Having dealt with her own strife growing up, Theresa Villec of Crystal Lake knows how powerful music can be for a child.
Villec recalled a particularly tough time when she was in middle school. She described how personal belongings and furniture were sold as a necessity to maintaining the roof over her family’s head.
“I had lost the radio and record player we had,” said Villec, who grew up in Forest Park. “Then there was this family that felt sorry and gave us a transistor radio, and I remember going into my room – I could almost cry thinking about this – and just holding it and listening to the music. That meant everything to me.”
The now-owner of Music Makers for Life Inc. in Crystal Lake has taught music for more than 25 years. After teaching private lessons in her home for a decade, in addition to teaching at schools, the multifaceted musician enterprised a business in a space of her own in 2006.
Villec and her staff of music teachers offer McHenry County youth lessons on a variety of instruments, as well as singing. And by piecing together students who play different instruments to form bands, Villec said the lessons have gone beyond nurturing musical talent.
“Some of these kids start when they’re really young and now they can play multiple instruments,” she said. “We’ve got about six bands that now perform all over the county, and the confidence these kids have after doing this – it’s like nothing for them to get up and perform in front of people now.”
For 15-year-old Rachel Hartley of Crystal Lake, music and Villec’s teachings have become a huge part of her life.
Having started with Villec when she was only 5, Hartley, a freshman at Crystal Lake South High School, already has made the wind ensemble and the a capella choir.
Looking back on the years of lessons from Villec, she said she especially appreciated her teacher’s patience, and how she never gave up or got angry if Hartley made mistakes or forgot to practice.
“When I was younger, I didn’t expect music to be a huge part of my life,” Hartley said. “Now, it’s hard to picture my life without it. ... [Villec] has basically taught me a life skill that I’m hopefully going to be using my whole life.”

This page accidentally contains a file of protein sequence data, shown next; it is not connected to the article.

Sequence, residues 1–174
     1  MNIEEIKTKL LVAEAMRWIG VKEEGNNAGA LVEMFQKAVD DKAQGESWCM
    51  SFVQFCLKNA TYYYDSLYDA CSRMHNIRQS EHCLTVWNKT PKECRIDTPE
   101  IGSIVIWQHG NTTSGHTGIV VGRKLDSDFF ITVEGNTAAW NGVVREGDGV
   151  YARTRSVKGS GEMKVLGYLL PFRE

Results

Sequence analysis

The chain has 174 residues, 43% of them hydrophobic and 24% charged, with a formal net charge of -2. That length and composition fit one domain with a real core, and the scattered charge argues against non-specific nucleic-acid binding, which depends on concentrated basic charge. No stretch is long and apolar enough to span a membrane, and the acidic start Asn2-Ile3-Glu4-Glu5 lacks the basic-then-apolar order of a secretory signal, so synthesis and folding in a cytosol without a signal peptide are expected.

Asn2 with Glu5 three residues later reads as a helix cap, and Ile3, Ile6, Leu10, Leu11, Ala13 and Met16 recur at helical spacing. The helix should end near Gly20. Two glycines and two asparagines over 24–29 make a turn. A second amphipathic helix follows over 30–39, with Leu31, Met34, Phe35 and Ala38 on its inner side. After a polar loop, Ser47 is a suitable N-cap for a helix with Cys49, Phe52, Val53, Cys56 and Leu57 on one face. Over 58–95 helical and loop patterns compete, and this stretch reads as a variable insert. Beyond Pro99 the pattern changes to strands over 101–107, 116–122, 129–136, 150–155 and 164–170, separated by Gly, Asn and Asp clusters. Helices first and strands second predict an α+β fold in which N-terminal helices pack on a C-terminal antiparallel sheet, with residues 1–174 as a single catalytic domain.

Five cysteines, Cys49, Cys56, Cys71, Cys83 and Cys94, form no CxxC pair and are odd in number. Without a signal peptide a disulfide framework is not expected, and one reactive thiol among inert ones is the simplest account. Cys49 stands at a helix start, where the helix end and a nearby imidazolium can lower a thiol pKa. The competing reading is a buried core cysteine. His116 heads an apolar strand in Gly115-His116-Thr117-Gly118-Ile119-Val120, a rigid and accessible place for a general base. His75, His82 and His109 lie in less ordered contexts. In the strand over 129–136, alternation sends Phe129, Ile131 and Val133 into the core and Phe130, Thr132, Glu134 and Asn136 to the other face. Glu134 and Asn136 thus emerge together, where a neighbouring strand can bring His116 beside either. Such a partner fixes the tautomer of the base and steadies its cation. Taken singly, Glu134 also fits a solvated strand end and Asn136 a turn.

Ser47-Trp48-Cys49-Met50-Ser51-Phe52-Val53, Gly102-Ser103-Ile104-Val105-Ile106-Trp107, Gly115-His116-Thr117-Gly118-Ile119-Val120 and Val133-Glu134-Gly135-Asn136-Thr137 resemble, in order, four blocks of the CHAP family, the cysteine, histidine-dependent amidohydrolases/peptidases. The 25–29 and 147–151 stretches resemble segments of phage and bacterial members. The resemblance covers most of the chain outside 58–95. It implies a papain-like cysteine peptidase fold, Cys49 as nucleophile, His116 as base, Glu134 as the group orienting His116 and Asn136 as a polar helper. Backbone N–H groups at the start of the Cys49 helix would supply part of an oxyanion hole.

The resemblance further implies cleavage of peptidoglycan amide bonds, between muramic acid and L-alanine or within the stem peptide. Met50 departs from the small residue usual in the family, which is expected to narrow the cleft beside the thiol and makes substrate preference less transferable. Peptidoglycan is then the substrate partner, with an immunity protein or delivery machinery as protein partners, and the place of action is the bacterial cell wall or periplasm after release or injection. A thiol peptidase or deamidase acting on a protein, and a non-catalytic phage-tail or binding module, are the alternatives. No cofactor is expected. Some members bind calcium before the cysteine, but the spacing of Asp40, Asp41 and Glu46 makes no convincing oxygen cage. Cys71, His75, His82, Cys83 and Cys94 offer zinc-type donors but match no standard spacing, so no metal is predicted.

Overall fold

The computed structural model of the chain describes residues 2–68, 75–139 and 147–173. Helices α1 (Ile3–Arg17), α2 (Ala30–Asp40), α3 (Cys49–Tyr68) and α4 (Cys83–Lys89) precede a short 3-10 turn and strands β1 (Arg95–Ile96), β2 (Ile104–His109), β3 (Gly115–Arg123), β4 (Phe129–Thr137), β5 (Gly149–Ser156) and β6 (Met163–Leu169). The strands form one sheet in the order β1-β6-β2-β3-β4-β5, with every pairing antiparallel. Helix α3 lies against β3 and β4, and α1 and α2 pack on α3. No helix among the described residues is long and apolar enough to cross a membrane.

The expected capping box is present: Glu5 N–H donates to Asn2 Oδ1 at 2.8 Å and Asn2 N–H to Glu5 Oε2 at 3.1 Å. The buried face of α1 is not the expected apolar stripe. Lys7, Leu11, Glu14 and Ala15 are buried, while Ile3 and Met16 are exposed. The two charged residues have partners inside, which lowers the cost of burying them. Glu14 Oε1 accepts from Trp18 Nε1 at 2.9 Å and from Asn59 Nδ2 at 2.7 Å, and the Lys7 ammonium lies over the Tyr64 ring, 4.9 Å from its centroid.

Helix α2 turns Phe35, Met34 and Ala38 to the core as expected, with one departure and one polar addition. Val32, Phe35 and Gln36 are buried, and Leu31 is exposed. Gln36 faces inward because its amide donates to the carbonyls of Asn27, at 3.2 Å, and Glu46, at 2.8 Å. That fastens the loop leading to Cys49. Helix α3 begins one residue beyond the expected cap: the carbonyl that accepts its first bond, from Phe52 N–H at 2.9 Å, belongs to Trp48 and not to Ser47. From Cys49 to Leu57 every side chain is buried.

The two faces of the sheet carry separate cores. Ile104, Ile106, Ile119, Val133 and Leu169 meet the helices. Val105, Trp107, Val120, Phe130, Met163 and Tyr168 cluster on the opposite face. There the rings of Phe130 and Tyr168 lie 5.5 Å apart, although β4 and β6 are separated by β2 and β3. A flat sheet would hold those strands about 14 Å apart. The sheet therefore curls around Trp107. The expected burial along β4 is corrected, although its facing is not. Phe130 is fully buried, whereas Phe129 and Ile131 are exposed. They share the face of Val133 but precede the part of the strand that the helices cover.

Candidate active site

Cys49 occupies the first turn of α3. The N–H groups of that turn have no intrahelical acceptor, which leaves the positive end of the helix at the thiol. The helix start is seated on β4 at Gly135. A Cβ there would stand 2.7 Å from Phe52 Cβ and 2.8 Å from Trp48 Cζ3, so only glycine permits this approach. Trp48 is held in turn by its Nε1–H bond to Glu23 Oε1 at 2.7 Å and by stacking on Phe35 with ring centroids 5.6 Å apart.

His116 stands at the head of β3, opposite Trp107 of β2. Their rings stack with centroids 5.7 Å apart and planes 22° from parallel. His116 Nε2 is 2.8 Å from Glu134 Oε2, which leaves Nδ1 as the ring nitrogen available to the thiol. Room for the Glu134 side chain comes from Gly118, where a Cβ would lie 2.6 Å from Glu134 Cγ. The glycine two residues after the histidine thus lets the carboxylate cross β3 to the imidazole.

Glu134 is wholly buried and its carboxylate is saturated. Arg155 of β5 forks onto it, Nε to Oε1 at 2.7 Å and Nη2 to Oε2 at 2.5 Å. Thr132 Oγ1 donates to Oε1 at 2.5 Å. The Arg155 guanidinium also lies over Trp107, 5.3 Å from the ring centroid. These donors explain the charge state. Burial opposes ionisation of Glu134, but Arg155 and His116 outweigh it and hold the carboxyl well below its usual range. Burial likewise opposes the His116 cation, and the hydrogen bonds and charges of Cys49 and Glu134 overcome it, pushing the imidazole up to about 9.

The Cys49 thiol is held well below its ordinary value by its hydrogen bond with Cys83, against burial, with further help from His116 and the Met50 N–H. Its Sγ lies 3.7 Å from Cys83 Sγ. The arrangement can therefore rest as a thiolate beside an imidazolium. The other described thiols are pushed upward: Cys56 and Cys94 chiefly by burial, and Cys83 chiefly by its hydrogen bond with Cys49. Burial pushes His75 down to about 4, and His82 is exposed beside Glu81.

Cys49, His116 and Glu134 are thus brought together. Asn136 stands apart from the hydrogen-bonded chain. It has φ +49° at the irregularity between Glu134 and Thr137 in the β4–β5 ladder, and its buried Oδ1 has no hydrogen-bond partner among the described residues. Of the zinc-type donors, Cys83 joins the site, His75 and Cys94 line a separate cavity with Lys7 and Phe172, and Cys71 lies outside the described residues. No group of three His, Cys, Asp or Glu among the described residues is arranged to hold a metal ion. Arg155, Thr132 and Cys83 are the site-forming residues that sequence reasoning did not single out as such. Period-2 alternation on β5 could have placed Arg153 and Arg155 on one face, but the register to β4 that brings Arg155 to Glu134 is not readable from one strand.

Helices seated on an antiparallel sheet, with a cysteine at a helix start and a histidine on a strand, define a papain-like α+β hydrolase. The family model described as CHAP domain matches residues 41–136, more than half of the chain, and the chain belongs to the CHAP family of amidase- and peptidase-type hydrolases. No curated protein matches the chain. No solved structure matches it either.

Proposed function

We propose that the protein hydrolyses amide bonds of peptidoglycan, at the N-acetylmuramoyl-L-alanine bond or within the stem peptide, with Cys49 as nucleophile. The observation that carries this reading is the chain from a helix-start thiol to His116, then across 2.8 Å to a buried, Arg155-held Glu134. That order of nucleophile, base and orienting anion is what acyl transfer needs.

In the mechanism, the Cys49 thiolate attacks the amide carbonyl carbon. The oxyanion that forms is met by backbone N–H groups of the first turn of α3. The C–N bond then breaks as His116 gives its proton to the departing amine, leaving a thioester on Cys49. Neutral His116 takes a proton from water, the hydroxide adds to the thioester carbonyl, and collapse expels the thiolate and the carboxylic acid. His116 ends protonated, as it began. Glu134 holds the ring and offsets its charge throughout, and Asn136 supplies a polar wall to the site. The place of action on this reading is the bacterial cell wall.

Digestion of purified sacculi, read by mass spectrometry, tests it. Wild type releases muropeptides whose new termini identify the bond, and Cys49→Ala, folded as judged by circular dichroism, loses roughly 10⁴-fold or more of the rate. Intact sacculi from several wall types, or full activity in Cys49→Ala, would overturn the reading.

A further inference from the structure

That’s exactly the message Villec was hoping to convey with the name of her business, she said. While she enjoyed teaching music in a classroom setting, Villec’s real moments of triumph were when individual students realized they could read music.
“When they can read ‘Ode to Joy’ and play it themselves, to me, that’s the reason for the name, Music Makers for Life,” she said. “Once you can read music, you can play for the rest of your life.”
During the recession, Villec said she witnessed several students having to give up lessons. As a way to prevent that, Villec said she resorted to lowering prices and even giving free lessons. The result of this struggle came a few years ago – the establishment of a nonprofit of which the sole purpose is to help kids who might not be able to afford music lessons, she said.
Villec added no child passionate about music should have to give it up, because for so many, such as Hartley, being able to make music is so much more than just a hobby.
“To me – and this is going to sound so cliché – music is the only thing I can really count on,” said Hartley, who has been practicing piano, trombone, guitar, bass, euphonium, and singing in the time Villec has been her teacher. “You can feel what you want to when you’re listening or playing, and music won’t talk back or judge you.”